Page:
Temperature Monitoring Results for Methane-hydrate Sediments in the Nankai Trough, Japan
Masafumi Fukuhara, Vladimir Tertychnyi, Kasumi Fujii, Valery Shako, Viacheslav Pimenov, Yuri Popov, Doug Murray, Tetsuya Fujii, 2009. "Temperature Monitoring Results for Methane-hydrate Sediments in the Nankai Trough, Japan", Natural Gas Hydrates—Energy Resource Potential and Associated Geologic Hazards, T. Collett, A. Johnson, C. Knapp, R. Boswell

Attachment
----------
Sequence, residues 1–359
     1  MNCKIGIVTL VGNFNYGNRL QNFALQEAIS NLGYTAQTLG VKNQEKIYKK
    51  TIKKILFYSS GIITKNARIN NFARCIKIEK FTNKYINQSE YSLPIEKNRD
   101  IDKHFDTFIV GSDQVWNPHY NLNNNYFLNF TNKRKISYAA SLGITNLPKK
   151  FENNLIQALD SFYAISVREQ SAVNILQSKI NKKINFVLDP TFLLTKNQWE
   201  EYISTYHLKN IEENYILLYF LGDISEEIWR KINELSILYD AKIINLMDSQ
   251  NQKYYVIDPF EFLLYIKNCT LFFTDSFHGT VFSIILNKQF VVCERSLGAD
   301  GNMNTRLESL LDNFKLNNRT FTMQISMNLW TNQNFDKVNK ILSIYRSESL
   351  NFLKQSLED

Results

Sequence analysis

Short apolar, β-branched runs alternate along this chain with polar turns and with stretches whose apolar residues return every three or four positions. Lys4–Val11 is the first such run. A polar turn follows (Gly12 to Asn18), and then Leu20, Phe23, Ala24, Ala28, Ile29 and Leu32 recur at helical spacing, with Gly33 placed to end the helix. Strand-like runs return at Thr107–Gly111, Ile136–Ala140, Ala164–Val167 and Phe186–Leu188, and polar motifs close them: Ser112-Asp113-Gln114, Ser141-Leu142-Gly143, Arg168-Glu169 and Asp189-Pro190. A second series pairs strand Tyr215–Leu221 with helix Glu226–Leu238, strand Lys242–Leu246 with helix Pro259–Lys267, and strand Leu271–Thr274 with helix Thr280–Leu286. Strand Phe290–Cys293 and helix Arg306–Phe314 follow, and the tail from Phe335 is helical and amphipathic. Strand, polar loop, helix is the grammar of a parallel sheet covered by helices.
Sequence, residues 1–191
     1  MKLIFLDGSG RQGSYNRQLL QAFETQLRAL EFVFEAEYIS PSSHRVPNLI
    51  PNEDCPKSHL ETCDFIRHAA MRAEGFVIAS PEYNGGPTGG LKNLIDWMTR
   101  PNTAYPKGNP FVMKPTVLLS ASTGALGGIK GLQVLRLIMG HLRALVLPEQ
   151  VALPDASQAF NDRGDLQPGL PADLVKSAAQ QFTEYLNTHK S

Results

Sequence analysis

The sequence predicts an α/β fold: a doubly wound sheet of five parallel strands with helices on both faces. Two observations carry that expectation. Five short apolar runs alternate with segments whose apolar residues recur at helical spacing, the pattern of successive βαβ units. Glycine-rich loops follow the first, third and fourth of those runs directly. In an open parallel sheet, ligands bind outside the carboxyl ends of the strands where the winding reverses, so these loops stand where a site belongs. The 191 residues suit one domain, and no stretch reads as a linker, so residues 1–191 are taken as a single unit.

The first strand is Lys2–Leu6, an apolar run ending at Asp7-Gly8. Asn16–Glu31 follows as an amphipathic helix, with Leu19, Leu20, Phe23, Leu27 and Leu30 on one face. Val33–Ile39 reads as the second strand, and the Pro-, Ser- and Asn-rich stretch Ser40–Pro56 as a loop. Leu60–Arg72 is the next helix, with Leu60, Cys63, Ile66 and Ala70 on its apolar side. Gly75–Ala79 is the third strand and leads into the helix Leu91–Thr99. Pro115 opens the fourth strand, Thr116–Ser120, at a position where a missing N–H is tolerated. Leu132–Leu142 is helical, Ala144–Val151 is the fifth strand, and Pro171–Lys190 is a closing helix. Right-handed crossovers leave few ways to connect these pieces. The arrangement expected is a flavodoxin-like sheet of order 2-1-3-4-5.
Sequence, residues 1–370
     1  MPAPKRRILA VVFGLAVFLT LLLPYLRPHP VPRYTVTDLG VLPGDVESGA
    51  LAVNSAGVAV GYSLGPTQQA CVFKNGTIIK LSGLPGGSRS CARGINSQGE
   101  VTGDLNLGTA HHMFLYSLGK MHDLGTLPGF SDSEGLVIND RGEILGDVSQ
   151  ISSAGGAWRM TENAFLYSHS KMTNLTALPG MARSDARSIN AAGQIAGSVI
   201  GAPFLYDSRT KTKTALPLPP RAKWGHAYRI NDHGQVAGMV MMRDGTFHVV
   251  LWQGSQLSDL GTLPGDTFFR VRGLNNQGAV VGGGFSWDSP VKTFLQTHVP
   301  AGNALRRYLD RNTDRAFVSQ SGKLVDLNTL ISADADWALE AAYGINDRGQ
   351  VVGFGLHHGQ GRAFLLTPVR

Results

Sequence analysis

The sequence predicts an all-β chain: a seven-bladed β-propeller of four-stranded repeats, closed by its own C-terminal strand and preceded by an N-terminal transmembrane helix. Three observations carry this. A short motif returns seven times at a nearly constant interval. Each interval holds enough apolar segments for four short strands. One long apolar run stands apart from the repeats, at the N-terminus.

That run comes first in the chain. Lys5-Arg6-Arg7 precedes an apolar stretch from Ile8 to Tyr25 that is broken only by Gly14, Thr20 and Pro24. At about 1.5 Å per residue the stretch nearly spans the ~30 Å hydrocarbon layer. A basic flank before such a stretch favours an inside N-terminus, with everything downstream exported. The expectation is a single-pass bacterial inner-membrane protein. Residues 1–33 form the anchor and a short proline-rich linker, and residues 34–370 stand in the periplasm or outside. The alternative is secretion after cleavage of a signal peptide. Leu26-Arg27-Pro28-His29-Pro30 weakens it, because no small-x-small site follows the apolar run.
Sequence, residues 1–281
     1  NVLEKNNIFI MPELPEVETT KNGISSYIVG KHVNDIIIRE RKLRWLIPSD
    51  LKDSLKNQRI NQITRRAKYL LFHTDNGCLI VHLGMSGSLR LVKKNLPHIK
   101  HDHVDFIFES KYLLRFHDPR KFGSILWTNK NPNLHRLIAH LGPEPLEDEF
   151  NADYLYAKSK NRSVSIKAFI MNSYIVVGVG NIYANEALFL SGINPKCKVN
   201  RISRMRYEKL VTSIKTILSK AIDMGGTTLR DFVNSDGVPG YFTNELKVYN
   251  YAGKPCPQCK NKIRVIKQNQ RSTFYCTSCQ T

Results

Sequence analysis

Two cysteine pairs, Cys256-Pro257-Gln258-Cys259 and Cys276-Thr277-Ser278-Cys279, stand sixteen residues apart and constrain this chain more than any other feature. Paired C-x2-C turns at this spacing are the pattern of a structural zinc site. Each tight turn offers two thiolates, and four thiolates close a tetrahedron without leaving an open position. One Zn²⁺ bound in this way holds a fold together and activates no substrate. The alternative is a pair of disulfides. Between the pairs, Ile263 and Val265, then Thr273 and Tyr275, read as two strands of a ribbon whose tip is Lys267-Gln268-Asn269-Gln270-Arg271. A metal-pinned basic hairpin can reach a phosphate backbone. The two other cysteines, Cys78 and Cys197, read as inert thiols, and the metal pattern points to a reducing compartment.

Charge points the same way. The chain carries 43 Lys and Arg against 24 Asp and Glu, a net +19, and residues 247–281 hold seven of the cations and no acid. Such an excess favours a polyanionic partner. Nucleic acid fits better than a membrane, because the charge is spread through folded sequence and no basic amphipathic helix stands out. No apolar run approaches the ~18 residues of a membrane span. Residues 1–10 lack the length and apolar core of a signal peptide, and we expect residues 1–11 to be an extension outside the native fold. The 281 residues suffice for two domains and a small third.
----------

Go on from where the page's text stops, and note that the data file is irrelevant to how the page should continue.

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The Japan Oil, Gas and Metals National Corporation (JOGMEC) conducted the Kisoshisui (Tokaioki-Kumanonada) drilling campaign in the Nankai Trough area during 2003–2004 as part of the activities of the MH21 Research Consortium, which is supported by the Ministry of Economy, Trade and Industry (METI). Through this campaign, various subsea hydrate studies were conducted using various data, including logging while drilling, wireline, coring, and temperature measurement. Using recent technology, a precise in-situ temperature measurement system was successfully developed and deployed at the beginning of the drilling campaign. The goals of the study were to determine whether the measurement system and setup can reliably measure the equilibrium in-situ formation temperature, to determine if the measurements adequately delineate the geothermal gradient, and to identify any disturbances in the thermal regime of the hydrate-bearing sediment and the possible causes of the disturbances. The temperature of the hydrate-bearing sediment was monitored in a deep-water well for 1.5 months. Because the measurements were collected over a long period of time, the equilibrated formation temperatures could be readily determined after observing the thermal relaxation from drilling and sensor deployment effects. The temperature profile and the temperature gradient through the hydrate-bearing zone were estimated in a quasi–steady-state condition. A correlation between the tidal cycle and sea-floor temperature change is also discussed.